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EU set to extend Russia sanctions by six months: sources


Brussels: The European Union will extend punishing economic sanctions against Russia for its involvement in the Ukraine crisis for another six months, diplomatic sources said today.

They said ambassadors from the EU’s 28 member states were to meet next week on Wednesday to roll-over punitive measures first adopted after the July 2014 downing of a Malaysia Airlines jet, blamed on pro-Russian rebels in eastern Ukraine.

“It is looking like it will be a rollover for another six months,” one diplomatic source told AFP.

Amid differences over what line to take as Brussels and Washington seek Russia’s help to resolve the Syrian conflict, the sources said the simplest option was to extend the measures.

Moscow has repeatedly dismissed the sanctions which target its bank, oil and defence sectors as both ineffective and counter-productive to a better mutual understanding.

“There was a discussion. Poland wanted to put more sanctions on Russia, others less, so in the end there was a tendency to leave them as they are and extend them for six months,” another diplomatic source said.

“We want to do this without too much fuss and we do not want to discuss the issue at the summit in December,” the source said.

Many eastern European member states are notably more critical of Moscow, fearing Russian intervention in Ukraine shows it wants to reassert its Soviet era influence in the region.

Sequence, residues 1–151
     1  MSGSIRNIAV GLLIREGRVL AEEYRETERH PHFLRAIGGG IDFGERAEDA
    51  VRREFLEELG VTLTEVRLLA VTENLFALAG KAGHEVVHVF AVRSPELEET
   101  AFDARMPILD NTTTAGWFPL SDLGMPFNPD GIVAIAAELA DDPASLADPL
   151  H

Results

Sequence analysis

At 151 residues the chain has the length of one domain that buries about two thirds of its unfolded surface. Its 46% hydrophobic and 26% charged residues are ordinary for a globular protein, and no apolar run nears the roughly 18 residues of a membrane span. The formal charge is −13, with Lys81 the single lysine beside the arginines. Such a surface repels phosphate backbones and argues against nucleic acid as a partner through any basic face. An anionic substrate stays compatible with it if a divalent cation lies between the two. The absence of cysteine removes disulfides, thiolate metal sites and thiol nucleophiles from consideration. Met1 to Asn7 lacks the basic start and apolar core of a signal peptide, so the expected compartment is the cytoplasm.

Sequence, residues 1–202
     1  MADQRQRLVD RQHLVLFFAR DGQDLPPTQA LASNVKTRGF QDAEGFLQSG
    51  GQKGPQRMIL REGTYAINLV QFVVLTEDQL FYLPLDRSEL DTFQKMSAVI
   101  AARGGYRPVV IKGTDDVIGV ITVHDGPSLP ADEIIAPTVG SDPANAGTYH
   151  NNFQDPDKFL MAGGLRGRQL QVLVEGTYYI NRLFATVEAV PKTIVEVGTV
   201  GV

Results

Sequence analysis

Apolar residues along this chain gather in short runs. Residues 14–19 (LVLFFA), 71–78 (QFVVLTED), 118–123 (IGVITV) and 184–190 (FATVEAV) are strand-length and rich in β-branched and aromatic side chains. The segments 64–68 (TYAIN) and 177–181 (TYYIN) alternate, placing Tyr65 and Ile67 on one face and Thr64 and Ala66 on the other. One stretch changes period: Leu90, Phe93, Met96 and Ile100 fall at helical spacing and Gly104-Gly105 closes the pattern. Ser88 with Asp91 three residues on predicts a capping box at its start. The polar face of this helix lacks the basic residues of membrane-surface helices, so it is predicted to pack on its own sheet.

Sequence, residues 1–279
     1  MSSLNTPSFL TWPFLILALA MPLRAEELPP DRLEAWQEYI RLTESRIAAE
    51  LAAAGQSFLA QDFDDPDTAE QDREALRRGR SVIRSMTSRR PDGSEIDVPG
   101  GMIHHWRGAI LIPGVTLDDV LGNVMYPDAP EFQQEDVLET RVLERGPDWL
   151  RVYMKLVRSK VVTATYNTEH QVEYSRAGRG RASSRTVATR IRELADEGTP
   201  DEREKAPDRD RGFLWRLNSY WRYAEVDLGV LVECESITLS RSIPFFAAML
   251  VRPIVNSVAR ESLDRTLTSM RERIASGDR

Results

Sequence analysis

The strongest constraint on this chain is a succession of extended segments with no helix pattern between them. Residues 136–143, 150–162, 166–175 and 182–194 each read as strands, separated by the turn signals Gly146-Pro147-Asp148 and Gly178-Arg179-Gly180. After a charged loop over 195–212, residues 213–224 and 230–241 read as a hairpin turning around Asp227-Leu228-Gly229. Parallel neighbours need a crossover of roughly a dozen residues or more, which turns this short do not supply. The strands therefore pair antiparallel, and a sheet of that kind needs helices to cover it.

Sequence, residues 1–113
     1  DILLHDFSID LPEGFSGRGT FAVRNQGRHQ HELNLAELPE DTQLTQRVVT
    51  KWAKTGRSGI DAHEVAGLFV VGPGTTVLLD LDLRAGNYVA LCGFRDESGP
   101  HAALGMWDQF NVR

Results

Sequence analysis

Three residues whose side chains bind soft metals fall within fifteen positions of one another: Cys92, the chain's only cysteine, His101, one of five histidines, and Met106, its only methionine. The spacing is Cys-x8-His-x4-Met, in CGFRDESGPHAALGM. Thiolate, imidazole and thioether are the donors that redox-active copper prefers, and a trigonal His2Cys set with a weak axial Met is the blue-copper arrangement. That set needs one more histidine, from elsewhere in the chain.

EU leaders meet December 17-18 for a summit likely to dominated by the twin migrant and Syrian crises which have left the 28-nation bloc scrambling to find an effective response.

In March, EU leaders agreed to link the economic sanctions to Russia’s full implementation of a ceasefire brokered by France and Germany in Minsk.

The first diplomatic source said the decision “will allow us to step back a bit, give us some time” to see what happens next with the Minsk peace accords.

A fresh Franco-German initiative helped bolster the Minsk accord in September, producing a marked decline in ceasefire violations and hopes the agreement might stick after the rebels agreed to postpone elections in areas they control until next year.

However, Ukraine has still not regained control of its eastern border with Russia — a key element — and complains that the rebels have not pulled back heavy weapons and allowed international monitors free access.

The EU has also imposed separate travel ban and asset freeze sanctions on Russian and Ukrainian individuals held responsible for backing the rebels, which run to March, and for those involved in Moscow’s annexation of Crimea, which run to June.

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